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NEW YORK — Americans overlooked shortages, spiking prices and uncertainty over the omicron variant to break spending records during the critical holiday shopping season. But figures released Jan. 14 show that after spending robustly early in the holiday season, consumers sharply slowed their purchases from November to December.
The National Retail Federation, the nation’s largest retail trade group, said that sales surged by a record 14.1% from November and December 2020 to the same months in 2021. Those figures blew away the federation’s projections for growth of between 8.5% to 10.5%, and more than tripled the average gain over the past five years of 4.4%.
“After a dispiriting holiday season in 2020, most shoppers were absolutely determined to enjoy themselves come what may,” said Neil Saunders, managing director of GlobalData.
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Yet data issued by the Commerce Department showed that by the end of December, spending had trailed off sharply enough to catch economists off guard and raise doubts about the sustainability of retail sales in the face of omicron, inflation and persistent shortages of labor and supplies. Retail sales fell a seasonally adjusted 1.9% from November to December.
Spending fell broadly across numerous sectors: Department store sales fell 7%, restaurants 0.8% and online purchases 8.7% compared with November.
Many economists expect the caution that consumers displayed last month to carry over into this year and potentially slow the economy. Still, with average hourly pay rising and the unemployment rate steadily dropping, analysts say spending and growth could pick up, at least modestly, once omicron fades.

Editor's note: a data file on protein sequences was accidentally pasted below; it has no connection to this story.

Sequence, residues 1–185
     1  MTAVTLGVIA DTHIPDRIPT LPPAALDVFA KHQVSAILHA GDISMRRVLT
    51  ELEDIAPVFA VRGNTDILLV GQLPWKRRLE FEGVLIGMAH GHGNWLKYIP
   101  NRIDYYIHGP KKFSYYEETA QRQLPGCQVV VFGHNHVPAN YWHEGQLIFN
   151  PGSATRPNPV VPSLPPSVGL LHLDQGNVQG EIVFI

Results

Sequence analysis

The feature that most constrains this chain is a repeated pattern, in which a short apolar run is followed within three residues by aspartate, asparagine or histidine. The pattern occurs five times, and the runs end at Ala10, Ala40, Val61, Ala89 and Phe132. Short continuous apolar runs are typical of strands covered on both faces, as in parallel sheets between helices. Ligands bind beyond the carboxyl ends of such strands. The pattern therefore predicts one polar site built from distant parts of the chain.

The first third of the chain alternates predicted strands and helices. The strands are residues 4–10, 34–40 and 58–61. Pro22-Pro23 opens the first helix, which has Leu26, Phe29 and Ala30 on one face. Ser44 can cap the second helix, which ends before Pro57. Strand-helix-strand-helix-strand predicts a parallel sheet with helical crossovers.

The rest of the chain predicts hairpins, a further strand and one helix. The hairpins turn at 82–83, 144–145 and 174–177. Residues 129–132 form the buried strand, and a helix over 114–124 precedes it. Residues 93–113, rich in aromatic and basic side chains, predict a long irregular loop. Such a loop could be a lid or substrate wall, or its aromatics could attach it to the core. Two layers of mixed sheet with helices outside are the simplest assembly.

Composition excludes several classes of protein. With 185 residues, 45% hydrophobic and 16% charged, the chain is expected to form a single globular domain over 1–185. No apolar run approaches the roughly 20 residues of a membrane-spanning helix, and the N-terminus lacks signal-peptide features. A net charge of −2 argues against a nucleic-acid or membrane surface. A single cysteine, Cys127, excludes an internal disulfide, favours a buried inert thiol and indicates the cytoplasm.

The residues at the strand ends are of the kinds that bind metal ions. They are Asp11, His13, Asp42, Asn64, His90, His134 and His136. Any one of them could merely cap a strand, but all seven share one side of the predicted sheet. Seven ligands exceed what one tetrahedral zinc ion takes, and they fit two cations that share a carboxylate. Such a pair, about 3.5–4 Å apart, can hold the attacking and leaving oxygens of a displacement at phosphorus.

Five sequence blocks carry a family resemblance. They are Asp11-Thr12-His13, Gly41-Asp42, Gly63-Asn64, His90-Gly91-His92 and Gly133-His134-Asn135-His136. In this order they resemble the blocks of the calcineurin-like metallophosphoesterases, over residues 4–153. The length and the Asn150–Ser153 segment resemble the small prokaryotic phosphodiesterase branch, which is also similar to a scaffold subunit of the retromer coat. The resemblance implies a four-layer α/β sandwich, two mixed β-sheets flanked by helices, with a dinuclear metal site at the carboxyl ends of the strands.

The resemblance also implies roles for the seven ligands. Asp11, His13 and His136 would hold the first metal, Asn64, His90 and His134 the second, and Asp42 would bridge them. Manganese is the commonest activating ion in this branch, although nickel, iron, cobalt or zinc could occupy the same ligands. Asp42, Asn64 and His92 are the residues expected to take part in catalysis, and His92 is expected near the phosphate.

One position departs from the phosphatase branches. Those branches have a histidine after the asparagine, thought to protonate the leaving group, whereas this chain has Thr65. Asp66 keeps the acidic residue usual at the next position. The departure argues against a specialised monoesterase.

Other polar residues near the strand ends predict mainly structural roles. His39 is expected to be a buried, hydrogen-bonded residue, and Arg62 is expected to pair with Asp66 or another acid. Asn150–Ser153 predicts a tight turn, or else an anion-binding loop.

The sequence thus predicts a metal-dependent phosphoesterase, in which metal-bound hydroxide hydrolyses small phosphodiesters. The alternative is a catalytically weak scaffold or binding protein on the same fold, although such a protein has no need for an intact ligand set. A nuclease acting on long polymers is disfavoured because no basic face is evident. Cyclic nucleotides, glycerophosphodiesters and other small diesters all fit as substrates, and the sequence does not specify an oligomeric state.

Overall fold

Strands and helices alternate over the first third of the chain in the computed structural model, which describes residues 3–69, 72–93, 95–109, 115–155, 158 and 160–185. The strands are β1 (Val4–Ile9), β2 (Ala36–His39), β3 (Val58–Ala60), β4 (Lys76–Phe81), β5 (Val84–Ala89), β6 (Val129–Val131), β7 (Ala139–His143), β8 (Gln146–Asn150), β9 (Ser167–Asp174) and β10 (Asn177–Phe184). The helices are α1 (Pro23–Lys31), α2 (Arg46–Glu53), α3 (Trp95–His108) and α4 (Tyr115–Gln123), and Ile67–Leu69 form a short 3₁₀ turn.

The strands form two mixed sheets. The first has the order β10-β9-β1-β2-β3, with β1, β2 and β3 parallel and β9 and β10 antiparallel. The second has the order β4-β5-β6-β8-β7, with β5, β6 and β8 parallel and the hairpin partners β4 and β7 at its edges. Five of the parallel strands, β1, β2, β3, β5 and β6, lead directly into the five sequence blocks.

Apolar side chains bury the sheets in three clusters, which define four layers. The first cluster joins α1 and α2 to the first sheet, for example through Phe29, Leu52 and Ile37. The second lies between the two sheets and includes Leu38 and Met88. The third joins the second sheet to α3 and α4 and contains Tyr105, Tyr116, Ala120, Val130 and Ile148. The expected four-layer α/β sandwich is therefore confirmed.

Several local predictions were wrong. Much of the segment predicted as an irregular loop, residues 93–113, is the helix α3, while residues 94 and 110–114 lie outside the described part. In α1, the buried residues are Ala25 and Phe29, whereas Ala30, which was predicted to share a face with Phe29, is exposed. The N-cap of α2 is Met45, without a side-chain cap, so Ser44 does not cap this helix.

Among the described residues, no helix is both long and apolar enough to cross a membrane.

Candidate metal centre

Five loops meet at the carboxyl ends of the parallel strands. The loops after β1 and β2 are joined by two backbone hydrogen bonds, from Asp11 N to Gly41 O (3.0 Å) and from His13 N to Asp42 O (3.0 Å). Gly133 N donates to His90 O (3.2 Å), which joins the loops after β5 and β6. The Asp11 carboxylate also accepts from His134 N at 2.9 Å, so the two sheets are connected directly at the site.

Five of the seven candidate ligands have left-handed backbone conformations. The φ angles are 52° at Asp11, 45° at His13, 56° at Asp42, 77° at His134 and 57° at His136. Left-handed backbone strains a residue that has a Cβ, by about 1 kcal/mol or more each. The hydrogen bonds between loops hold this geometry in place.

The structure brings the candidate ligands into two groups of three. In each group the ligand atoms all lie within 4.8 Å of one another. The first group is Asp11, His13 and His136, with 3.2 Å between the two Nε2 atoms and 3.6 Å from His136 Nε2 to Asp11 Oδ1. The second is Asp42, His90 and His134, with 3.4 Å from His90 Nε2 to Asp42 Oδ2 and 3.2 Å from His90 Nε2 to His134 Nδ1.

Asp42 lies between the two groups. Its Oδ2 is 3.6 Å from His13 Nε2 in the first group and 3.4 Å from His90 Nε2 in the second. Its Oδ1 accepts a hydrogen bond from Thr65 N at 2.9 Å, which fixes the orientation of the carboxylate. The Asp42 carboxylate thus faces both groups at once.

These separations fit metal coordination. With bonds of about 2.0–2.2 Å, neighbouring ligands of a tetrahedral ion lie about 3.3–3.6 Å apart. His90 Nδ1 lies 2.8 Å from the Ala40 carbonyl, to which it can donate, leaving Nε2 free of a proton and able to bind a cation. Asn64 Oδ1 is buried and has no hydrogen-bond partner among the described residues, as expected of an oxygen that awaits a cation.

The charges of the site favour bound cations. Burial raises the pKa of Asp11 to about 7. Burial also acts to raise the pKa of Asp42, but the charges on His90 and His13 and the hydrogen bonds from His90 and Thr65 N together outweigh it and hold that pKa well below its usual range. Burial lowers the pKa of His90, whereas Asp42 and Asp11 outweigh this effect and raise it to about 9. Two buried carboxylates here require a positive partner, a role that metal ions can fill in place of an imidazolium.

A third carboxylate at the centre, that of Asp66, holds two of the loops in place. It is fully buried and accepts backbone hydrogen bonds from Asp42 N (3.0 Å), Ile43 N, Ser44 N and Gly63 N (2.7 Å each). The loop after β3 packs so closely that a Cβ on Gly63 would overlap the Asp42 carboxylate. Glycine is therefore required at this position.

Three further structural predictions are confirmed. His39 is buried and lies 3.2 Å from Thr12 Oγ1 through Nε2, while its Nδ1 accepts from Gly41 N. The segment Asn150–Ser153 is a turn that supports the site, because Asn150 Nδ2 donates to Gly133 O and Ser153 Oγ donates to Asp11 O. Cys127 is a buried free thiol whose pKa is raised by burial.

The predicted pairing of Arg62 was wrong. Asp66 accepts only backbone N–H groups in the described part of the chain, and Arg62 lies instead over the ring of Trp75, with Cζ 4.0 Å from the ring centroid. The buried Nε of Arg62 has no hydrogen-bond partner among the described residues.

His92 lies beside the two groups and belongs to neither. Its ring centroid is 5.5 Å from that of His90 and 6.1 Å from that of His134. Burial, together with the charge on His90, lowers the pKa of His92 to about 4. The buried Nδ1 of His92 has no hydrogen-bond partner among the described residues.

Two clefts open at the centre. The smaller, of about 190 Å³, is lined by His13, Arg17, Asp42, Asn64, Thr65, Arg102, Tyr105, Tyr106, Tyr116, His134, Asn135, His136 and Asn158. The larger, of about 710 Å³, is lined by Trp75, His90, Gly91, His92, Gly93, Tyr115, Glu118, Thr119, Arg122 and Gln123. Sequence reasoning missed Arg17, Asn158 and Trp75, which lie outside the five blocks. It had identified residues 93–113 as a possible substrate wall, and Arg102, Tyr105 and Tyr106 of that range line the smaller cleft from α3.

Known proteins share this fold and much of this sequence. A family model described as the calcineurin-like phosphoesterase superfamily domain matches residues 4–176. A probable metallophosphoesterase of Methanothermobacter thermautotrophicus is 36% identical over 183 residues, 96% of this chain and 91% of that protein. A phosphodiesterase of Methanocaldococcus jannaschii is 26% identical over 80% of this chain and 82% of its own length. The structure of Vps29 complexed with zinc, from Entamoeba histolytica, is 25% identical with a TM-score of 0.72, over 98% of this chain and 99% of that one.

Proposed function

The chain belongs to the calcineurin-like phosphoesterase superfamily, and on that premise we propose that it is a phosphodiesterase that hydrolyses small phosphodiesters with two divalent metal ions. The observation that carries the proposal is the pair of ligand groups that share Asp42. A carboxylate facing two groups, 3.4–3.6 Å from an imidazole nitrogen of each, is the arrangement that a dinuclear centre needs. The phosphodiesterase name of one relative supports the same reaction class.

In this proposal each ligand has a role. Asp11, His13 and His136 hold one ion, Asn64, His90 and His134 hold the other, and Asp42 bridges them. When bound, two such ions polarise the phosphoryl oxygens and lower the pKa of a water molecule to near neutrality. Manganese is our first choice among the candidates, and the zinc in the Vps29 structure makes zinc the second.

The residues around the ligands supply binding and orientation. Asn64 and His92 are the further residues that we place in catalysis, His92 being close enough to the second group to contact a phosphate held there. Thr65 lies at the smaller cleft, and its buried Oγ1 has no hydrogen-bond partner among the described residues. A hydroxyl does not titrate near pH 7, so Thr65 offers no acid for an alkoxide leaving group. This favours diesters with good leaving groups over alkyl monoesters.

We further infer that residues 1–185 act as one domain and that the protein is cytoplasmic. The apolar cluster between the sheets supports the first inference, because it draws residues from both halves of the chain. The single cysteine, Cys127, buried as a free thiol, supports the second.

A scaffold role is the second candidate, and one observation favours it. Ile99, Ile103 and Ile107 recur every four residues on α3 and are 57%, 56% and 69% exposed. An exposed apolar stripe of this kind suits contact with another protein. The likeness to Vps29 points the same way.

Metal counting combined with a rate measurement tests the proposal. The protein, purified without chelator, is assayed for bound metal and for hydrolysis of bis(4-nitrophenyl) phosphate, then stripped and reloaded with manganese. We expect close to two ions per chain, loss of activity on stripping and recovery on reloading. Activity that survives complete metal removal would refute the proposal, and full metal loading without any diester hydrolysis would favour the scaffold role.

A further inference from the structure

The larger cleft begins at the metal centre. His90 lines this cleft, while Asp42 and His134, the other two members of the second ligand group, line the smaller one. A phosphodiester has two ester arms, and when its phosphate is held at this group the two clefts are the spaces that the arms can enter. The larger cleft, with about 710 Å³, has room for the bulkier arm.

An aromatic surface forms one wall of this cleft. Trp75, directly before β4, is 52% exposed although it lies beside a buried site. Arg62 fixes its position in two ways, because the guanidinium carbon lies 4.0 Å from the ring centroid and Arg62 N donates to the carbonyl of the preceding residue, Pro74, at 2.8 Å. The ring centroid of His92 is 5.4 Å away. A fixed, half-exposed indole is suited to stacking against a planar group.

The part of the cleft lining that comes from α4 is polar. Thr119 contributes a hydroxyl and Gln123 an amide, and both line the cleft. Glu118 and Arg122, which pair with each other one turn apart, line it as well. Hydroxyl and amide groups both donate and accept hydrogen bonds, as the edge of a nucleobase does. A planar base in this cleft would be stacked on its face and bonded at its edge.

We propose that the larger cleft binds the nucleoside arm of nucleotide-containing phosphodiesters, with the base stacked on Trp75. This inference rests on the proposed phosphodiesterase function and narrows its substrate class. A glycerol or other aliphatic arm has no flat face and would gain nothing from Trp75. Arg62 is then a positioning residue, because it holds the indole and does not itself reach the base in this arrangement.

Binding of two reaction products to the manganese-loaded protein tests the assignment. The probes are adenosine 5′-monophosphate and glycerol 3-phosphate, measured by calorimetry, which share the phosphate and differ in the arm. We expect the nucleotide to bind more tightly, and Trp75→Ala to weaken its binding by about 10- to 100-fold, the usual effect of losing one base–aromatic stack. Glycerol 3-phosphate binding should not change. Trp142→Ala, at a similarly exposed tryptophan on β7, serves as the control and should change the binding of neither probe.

“American consumers closed 2021 on a very sour note,” said Sal Guatieri, senior economist at BMO Capital Markets. “That said, high household savings, strong job growth and improved confidence once the latest COVID wave crests should put consumers back on a high-spending track in the second quarter.”
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Retailers warned for months that their supply chains had become snarled as the nation swiftly emerged from the pandemic recession, and they urged consumers to shop early for their holiday purchases. It appears that many Americans took heed and, in effect, moved up the usual holiday shopping period by a month or so.
Commerce Department figures show retail sales jumped 1.8% in October, and on Jan. 14 it reported that year-over-year numbers show that retail sales surged 16.9% last month compared with December 2020. For all of 2021, sales spiked 19.3% compared with the previous year.
Some economists caution that the seasonal adjustment of retail sales has been thrown off by the pandemic. Seasonal adjustment is intended to account for the normal spike in shopping in December for the holiday season. This year, though, because many Americans started shopping so early, the seasonal adjustment might have exaggerated any December spending retreat.
Some analysts also suspect that shoppers who waited until the end of the holiday season and didn’t find what they wanted took a pass or they bought gift cards. That spending won’t show up in retail data until those cards are redeemed.
All told, Americans appear to be spending their money differently — and spending more, not less, collectively.
“Consumer spending will remain the cornerstone of economic growth this year, but the near-term path will be choppy amid surging omicron cases,” said Lydia Boussour, lead U.S. economist at Oxford Economics. Boussour said she thinks that after a soft patch in the first quarter, spending should rebound in the spring on the strength of strong wage growth and savings.
Stephen Stanley, chief economist at Amherst Pierpoint, agreed, pointing to a robust job market, pent-up demand and “a mountainous pile of extra cash to spend.”
“People will spend again once the omicron wave fades,” Stanley predicted.